Posted on 2nd Jan 2011 at 10:41 by Paul Goodhead with 42 comments
I recently built myself a new home PC which, as I'm sure most of you know, resulted in a lightning-quick computer. There's a level of snappiness and responsiveness that you get from a newly built PC, which you just can't seem to maintain, no matter how often you de-fragment your hard disk or clean your registry.
As a result, I knew that I wanted to create a disk image of my PC in its freshly installed state. This would essentially act as a time capsule, preserving an exact copy of my PC in its virgin state until I needed it. Then, when my Windows install got bloated and unresponsive in the future, I could simply copy the image back the other way, theoretically restoring my PC to exactly the same state it was in when I built it.
Posted on 4th Feb 2010 at 11:09 by Antony Leather with 26 comments
Value. It’s a funny word, and never more so when applied to the IT industry. In fact it’s so tricky to place in this fast-moving online world that it’s usually only spoken of as “perceived” value and that’s about as accurate as we can get. Saying a piece of software - be it a game or operating system - is good value is even more of a convoluted statement.
How do you compare one piece of software to another? Features? Price? The space it takes up on your hard drive? How would you predict how well a product might sell and factor that into the pricing?
For most of us it comes down to cold hard cash and whether we can find something that’s as good or better, for less, or even for free. However, only a handful of companies have grasped the fact that if you lower the price of software enough, sales will skyrocket so high, they’ll make many times more profit than if they priced it twice as much, however popular the software may be.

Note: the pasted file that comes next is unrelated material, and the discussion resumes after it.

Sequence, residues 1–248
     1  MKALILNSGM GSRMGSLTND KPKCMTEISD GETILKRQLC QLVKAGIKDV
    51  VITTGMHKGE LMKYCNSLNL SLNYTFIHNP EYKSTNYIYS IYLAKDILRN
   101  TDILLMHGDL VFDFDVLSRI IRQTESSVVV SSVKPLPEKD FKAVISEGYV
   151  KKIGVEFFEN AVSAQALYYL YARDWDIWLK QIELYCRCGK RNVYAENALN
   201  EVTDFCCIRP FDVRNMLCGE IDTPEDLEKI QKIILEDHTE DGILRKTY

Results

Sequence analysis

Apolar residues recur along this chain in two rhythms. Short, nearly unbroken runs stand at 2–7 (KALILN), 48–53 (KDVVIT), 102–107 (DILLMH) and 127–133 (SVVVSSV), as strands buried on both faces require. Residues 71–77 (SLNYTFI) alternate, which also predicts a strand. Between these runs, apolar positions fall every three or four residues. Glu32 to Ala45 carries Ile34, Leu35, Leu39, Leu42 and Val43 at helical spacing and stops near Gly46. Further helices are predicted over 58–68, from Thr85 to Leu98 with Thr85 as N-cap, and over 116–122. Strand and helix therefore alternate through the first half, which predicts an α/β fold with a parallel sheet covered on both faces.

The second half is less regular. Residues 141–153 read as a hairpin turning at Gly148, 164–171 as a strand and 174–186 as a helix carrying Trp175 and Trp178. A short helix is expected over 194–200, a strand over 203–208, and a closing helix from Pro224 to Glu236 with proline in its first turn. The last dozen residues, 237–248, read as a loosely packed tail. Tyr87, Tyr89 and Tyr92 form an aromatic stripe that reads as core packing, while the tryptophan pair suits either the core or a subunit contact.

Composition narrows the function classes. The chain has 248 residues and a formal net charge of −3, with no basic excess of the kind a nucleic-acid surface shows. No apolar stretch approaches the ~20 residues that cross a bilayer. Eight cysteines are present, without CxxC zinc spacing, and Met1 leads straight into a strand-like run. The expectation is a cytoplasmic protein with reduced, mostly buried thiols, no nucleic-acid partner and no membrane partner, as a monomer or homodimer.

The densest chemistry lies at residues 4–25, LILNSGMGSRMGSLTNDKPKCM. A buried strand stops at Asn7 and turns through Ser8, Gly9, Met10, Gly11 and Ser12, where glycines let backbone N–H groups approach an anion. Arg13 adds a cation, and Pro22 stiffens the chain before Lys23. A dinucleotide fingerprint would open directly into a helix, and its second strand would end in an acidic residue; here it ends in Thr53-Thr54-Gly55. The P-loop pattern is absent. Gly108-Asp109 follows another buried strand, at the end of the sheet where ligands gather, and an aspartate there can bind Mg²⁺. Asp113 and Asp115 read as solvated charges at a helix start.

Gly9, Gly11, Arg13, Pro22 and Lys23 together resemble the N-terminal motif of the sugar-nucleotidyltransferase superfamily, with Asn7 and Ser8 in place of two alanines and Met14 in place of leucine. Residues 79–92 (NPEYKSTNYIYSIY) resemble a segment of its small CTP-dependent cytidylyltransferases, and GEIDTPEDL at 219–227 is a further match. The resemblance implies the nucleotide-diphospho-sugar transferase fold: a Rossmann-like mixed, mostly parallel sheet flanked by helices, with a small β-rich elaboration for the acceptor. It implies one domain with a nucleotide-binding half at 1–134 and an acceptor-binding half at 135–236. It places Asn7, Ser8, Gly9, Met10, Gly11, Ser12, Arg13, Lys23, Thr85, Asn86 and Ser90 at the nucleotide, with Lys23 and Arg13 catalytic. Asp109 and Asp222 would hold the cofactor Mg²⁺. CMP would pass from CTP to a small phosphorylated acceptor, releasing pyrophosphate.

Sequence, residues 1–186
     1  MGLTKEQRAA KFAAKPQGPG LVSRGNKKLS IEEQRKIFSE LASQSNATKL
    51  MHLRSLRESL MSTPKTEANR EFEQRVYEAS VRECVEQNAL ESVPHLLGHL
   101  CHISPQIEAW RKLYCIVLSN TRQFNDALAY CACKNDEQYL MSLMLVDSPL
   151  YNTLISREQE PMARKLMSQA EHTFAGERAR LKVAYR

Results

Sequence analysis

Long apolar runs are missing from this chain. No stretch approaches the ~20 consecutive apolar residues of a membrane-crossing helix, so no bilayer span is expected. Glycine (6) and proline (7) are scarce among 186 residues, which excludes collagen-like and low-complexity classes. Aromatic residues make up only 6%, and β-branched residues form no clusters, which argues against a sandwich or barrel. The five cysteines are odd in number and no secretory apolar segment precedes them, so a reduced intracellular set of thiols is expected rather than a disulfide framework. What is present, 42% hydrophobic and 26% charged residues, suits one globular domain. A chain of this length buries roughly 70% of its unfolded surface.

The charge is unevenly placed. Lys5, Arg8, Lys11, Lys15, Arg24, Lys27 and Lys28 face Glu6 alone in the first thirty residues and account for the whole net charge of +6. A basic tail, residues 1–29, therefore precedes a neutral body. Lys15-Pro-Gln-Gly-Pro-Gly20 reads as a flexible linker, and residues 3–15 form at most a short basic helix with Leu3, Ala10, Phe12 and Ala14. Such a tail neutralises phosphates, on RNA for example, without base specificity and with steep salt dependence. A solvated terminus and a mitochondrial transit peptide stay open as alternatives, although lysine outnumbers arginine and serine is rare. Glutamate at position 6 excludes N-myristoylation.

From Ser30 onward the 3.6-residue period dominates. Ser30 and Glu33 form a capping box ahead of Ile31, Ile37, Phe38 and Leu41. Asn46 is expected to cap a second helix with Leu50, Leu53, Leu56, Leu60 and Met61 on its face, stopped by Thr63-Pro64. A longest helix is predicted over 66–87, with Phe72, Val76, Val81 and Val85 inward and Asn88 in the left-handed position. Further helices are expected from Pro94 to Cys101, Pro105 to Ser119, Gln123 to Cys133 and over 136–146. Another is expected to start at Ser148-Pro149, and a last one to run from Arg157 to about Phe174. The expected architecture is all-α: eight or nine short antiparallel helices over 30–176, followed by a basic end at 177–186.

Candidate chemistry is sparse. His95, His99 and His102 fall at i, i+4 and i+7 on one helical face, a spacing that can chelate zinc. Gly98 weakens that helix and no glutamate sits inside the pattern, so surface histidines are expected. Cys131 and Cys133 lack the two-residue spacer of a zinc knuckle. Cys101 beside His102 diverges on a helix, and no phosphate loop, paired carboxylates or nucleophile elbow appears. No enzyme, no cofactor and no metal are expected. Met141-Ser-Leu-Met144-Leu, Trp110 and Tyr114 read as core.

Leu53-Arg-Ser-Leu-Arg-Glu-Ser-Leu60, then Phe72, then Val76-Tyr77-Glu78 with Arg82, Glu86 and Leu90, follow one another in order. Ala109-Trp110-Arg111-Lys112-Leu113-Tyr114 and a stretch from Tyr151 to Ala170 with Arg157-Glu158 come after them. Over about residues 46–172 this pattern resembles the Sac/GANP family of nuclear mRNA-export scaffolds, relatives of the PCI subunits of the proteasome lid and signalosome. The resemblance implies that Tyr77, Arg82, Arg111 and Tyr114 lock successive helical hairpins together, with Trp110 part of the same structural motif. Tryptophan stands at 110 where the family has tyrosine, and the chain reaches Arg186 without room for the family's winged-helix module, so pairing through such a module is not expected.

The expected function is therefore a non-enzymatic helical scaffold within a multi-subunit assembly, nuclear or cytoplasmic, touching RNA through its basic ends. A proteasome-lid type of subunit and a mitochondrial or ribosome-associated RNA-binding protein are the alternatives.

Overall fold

Posted on 16th Sep 2009 at 11:23 by Richard Swinburne with 67 comments
What makes companies think it's OK to install extra crap you didn't ask for by default? There are numerous examples of this, from store-bought laptops that are preloaded with bloatware to toolbars that come included with your chosen browser. Even the most trusted sources and manufacturers have become involved with this crapware epidemic.
"Security" companies seem to to be most notorious offenders of all, constantly trying to weasel their way onto your PC when you don't want them to. Once they've invaded your registry and (previously) clean startup procedure so that they're nigh impossible to remove they begin their main task - pummelling you with notifications and subscription requests.
It's not limited to Microsoft (probably one of the worst facilitators of this) either; ATI, Adobe, Asus and Gigabyte are all guilty parties too and that's just off the top of my head. I'm sure many of you will fill me in with your experiences too, so go ahead - name and shame them!
Below, I've listed some of the worst and most annoying examples of bloatware and their carriers that I've found in the past few weeks.